Penalties Doom Men's Hockey Against Clarkson

An undisciplined final frame caught up with the Crimson as the Harvard men’s hockey team fell to No. 16/15 Clarkson, 2-1, Saturday night at the Bright-Landry Hockey Center.

With just over two minutes left in regulation, Golden Knights center Allan McPherson stuffed the game-winning goal past a scrum in front of the net during Clarkson’s third power play of the third period.

“I think we competed really hard, but we just took way too many penalties,” sophomore forward Brian Hart said. “They were just in our zone the whole period.”

Clarkson (9-2-1, 3-1-0 ECAC) held on to sweep its weekend double on the road, while the Crimson (2-3-1, 1-3-1) completed its four-game home stand on a three-game losing streak.

Harvard’s penalty kill had turned away Clarkson’s first seven power plays, including two 5-on-3 advantages. But a boarding penalty to junior defender Mark Luzar with three minutes left in regulation proved to be the difference.

“We did a good job killing penalties,” Crimson coach Ted Donato ’91 said. “Ultimately, with all the great chances [Clarkson] had, they end up getting a bounce, but when you take four penalties in the third period, you’re asking for trouble.”

The home team came out stronger than it did in its 3-1 loss to St. Lawrence a night earlier, but Clarkson received an early opportunity to assert itself in the Crimson zone with a pair of penalties to defensemen Luzar and Dan Ford spaced 38 seconds apart midway through the first.

The Golden Knights power play unit failed to convert, but James De Haas gave the visitors’ the lead less than a minute after the expiration of Ford’s minor. The Clarkson defender found the back of the net from the point off a failed Crimson clear attempt.

Sophomore forward Jimmy Vesey provided his second power play goal in as many nights to tie things at one just over a minute into the second frame. The play was reviewed for a crease violation after Vesey redirected a fluttering puck in the air past Clarkson goaltender Greg Lewis, but the goal stood.

The middle frame was Harvard’s best of the night, but Clarkson managed to limit most of the Crimson’s opportunities to the outside.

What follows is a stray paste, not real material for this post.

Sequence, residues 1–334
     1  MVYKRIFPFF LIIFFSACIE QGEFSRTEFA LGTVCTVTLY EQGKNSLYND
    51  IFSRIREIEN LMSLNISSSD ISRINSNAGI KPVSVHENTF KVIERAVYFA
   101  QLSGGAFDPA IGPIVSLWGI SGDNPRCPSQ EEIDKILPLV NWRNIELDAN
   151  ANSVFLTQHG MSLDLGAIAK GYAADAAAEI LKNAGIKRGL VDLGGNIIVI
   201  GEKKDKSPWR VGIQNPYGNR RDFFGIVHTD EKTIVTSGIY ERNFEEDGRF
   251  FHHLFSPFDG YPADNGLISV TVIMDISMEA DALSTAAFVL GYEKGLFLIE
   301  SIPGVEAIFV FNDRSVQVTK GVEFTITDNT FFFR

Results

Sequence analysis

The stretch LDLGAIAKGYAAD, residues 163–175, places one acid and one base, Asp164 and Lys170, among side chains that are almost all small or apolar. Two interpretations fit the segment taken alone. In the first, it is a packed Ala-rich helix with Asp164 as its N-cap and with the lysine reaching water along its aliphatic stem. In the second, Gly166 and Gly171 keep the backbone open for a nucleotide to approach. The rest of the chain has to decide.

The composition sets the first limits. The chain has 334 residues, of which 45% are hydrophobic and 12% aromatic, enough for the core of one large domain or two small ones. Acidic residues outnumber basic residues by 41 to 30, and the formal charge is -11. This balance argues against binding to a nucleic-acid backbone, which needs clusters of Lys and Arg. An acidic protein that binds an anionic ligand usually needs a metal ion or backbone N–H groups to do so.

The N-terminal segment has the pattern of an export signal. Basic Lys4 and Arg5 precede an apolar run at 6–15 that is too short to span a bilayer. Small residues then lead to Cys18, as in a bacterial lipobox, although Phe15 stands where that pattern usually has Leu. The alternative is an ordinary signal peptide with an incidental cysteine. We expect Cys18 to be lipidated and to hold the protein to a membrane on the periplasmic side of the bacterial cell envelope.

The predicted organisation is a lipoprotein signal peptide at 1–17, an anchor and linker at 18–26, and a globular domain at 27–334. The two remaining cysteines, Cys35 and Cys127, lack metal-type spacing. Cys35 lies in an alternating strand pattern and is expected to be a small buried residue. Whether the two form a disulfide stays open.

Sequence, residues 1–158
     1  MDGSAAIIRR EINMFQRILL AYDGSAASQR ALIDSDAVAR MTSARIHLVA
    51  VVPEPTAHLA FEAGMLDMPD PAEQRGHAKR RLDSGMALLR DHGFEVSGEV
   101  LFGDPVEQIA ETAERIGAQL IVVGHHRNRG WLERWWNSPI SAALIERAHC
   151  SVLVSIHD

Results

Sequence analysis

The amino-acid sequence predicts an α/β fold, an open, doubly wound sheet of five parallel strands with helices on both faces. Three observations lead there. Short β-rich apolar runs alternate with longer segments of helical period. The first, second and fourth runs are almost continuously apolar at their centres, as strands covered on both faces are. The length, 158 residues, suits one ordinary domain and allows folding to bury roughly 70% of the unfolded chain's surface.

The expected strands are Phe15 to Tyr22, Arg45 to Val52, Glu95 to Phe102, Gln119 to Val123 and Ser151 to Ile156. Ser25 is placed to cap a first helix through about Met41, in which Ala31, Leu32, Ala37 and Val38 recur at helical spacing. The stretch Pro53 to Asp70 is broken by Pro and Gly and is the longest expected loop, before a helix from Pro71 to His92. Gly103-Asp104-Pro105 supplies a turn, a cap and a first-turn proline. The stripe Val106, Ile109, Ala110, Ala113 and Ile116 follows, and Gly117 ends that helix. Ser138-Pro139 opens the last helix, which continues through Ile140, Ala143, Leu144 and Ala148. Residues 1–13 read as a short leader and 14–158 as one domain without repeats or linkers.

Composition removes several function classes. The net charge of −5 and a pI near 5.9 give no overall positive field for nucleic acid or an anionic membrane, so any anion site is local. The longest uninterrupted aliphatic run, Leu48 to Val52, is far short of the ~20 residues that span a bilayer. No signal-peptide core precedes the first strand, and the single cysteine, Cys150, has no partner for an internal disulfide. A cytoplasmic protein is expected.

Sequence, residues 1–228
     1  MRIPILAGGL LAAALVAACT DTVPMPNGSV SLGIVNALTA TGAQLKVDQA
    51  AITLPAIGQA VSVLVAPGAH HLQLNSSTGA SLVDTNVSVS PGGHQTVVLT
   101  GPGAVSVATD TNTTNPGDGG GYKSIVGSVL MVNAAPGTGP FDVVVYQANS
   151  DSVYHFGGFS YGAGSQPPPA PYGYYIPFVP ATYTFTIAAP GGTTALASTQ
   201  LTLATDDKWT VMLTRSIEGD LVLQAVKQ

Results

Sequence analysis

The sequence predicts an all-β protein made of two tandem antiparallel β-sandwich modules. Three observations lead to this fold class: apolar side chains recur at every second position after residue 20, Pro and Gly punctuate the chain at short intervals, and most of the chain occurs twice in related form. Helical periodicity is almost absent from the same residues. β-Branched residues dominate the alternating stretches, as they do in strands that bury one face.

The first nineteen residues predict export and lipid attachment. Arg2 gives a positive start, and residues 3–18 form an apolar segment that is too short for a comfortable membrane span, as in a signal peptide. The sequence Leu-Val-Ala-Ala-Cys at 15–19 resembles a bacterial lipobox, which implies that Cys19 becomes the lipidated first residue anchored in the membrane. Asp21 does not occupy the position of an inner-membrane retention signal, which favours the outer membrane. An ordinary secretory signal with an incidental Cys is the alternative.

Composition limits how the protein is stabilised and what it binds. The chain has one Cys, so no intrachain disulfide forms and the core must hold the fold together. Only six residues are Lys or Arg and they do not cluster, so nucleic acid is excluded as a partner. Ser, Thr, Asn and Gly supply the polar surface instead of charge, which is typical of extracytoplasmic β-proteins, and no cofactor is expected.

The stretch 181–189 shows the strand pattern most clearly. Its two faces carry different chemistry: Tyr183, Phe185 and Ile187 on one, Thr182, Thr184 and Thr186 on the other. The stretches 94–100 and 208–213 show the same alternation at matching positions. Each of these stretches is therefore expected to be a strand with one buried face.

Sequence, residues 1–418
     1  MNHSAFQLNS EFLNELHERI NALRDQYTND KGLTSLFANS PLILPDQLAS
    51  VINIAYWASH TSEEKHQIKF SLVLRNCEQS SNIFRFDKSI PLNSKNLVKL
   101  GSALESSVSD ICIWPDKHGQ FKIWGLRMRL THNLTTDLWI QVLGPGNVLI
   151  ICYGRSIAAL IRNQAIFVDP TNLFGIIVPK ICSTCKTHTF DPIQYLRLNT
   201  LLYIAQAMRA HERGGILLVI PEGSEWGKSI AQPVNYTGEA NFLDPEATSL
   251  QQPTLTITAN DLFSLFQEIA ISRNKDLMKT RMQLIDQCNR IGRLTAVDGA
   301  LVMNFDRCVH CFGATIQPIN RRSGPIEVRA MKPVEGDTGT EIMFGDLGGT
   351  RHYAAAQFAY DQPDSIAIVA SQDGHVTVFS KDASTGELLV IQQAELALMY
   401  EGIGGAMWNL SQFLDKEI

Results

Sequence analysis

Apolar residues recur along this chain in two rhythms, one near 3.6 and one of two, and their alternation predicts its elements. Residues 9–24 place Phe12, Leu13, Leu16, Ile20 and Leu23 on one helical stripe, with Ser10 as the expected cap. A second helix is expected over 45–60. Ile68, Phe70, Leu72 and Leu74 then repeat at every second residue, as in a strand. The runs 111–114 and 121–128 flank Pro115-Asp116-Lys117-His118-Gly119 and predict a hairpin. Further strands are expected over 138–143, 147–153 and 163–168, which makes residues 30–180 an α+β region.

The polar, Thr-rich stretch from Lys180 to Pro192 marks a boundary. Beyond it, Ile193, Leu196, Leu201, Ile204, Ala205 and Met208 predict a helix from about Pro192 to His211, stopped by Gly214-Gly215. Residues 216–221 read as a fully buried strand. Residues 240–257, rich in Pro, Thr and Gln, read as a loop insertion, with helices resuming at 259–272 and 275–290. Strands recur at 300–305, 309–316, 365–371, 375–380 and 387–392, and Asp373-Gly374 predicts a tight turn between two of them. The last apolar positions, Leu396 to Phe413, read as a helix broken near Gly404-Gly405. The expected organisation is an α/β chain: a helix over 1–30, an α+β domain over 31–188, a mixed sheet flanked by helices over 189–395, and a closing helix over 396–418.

Clarkson earned its second 5-on-3 of the night more than halfway through the final frame after Harvard was whistled for a too-many-men-on-the-ice penalty and sophomore defender Desmond Bergin was sent to the box for slashing less than two minutes later.

But the Crimson survived the challenge with multiple blocked shots by Ford and key stops from junior goalkeeper Steve Michalek.

Following McPherson’s game-winner on the power play, Harvard spent the last 40 seconds of the night 6-on-4 with a power play and an extra attacker. The Crimson controlled the Clarkson zone for the final minute but could not come up with the tying goal.

Despite the loss, Donato said he was pleased with the adjustments Harvard made after Friday night’s loss.

“We spent way less time in our zone,” Donato said. “I thought defensively we cleaned up a lot of things.... Overall, it’s a tough pill to swallow because I think our guys really battled and competed, but it’s something we’ll learn from.”

Crimson skaters contributed 25 blocked shots, and Michalek finished with 31 saves. Despite strong showings in each of his first three starts, the junior goaltender is 0-2-1 on the year.

Saturday was Harvard’s first full game without first-line center Alexander Kerfoot, who dislocated his shoulder in Friday’s 3-1 loss to St. Lawrence. The freshman appeared to be in good spirits watching from the stands in a sling, but Donato could not provide a timetable for his return.

With Kerfoot out, the Crimson was unable to dress five of the nine NHL draft picks on its roster for Saturday night. Forwards Colin Blackwell and Petr Placek are also on the injured list, and junior defensemen Marshall Everson and Patrick McNally may return next weekend from the suspensions that resulted from their withdrawals from the team last year.

“Hopefully we’ll continue to get some guys out,” Donato said. “We got a third of the team sitting on the sidelines not capable of playing, and that’s not an excuse—everybody’s got different things they’re fighting—but hopefully we can get closer to having a full lineup.”

—Staff writer Michael D. Ledecky can be reached at Follow him on Twitter @mdledecky.